It certainly is a curious phenomenon. A desk can be perfectly clutter-free after an intensive afternoon of cleaning. Yet as the days and weeks go on, papers, pens, gadgets, and other miscellaneous office ephemera tends to pile up — without us ever really noticing! It begins in the corners of the desk, as innocently as possible, and slowly encroaches on your workspace until you're left with a simple cutout for the mouse to move around. Where does this all come from and how can you take control of it for good?
We believe this can be remedied if you look at your desk and think critically about purpose
Let me give you an example: Space is often one of the highest priorities when apartment hunting. So critical, in fact, that people tend to establish a minimum sq/f number and won’t budge below that. So what happens to that mindset after moving into the apartment and we begin to live our life? The desk is really just a scaled down version of your apartment. Think of your desk space as critical real estate that should be cherished and not filled needlessly. Fill it with purpose!
The first thing that you can do is assess your working style and think about how much room you actually need to regain. Does your work require a large table to spread out paperwork or maybe enough room to make sketches in a sketchbook? Everyone is different and we’ll all require slightly different spaces to function. But remember, the key here is to do it purposefully. It is easy to over-do it and remove everything from your desktop and then it actually becomes more inconvenient because you have to go fishing in your drawers for something that should have been made more easily accessible on your desk. So there certainly is an equilibrium that exists that we’re all searching for.
Now you want to begin going through the pile, piece by piece and assessing what needs to stay and what needs to go. Certainly there are things that have no business being on your desk from the outright that can easily be removed. We’ve seen cleaning agents, toothbrushes, piled dinnerware, etc... and its not a pretty picture. These no-brainers should be the first to go. Then, you can begin to think of your desk in terms of zones. There can be a zone for the computer, for writing instruments, paper, paperwork, crafting material, flowers, etc… Again, this is all specific to the needs of your own space but if you compartmentalize the wide-open space of your desk and think of it in terms of zones, it becomes more manageable and easier to organize with purpose. And of course, your zones can’t impinge upon the “free” space that you deemed necessary to work in.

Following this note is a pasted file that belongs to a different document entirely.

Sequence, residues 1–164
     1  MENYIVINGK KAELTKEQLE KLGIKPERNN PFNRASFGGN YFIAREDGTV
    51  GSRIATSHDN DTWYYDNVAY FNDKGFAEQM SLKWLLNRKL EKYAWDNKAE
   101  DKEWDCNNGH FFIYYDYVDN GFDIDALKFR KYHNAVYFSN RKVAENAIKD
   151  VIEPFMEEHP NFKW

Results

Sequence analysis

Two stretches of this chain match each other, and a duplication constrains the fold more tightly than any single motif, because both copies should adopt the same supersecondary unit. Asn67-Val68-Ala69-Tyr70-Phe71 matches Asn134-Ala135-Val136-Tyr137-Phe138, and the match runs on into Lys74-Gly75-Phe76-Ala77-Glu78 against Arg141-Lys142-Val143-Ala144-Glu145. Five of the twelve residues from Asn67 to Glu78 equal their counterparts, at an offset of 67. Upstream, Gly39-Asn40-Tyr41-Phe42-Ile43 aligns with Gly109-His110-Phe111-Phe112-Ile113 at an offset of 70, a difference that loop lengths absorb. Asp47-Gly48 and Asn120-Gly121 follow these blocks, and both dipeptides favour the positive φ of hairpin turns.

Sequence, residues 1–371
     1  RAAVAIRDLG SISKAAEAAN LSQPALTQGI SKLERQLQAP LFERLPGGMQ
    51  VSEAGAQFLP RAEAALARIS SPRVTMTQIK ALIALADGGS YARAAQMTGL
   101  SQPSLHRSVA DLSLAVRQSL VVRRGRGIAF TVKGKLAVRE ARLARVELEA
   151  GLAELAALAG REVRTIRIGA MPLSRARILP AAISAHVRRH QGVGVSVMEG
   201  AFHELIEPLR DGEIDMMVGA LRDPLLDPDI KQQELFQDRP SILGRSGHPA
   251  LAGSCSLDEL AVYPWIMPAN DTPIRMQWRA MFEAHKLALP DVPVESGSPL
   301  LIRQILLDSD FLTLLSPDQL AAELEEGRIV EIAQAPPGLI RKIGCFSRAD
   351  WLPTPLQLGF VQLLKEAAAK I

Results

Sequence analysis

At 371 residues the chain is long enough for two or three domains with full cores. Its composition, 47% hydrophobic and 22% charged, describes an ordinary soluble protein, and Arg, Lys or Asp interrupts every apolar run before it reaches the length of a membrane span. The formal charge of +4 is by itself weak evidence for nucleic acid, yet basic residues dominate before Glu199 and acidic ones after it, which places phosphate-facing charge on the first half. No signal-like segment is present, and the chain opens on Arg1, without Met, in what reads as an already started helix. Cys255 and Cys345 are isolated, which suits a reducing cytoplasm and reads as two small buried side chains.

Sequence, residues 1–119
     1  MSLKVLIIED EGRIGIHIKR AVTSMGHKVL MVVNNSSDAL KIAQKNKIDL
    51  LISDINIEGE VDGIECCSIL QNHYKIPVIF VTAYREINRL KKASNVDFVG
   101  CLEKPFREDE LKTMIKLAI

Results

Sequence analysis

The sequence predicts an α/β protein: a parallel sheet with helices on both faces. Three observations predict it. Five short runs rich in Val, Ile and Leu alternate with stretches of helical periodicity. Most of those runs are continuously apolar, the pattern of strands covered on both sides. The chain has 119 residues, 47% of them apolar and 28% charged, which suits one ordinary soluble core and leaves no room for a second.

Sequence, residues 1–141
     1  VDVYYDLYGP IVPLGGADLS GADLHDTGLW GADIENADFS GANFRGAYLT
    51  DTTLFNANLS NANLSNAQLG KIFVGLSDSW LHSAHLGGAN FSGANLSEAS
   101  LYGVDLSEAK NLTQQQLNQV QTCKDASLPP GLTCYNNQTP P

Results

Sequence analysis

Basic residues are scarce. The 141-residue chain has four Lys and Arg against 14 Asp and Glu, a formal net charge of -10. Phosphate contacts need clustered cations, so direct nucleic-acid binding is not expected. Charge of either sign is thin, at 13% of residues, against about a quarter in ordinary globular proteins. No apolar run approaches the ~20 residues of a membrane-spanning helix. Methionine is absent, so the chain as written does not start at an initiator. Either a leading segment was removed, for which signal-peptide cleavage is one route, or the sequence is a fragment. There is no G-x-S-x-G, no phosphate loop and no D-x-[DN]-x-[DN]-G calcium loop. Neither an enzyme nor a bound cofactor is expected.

Designating zones is going to help keep your desktop clean for good. You need to be strict with yourself and not let things pile up outside their respective zones. But again, it all comes back to purpose. If there is a need or reason why things begin to fall out of their zones, it might be time to reassess the zones themselves and perhaps create/remove ones to accommodate your new working habits.
One helpful feature recently introduced in the 20/20 cure is creating an outbox. We suggest making a drawer in your office an outbox of sorts. If there are things you’re unsure about purging, keep them in there for a while and let yourself lose attachment with it. Come back to it later and decide if it is really necessary to keep. Does it serve a purpose either functionally or emotionally? Getting rid of things is one of the best ways to de-clutter your desk and keep it that way.
It’s important to remember that your workspace is a fluid environment. The work you do and the things you use are never static. They grow as you grow so your system needs to grow along with it. A clean workspace is key to doing good work. It makes tasks manageable and easier to accomplish. And of course, it also makes your apartment neater. We hope you found some inspiration in the post to set up a system of zones, based around purpose to help you reduce the clutter in your workspace and ultimately make yourself more productive and your workspace more enjoyable.
(1st image: Flickr user j.salamandras 2nd image: Flickr user cspiegl 3rd image: Flickr user doryexmachina under license from Creative Common)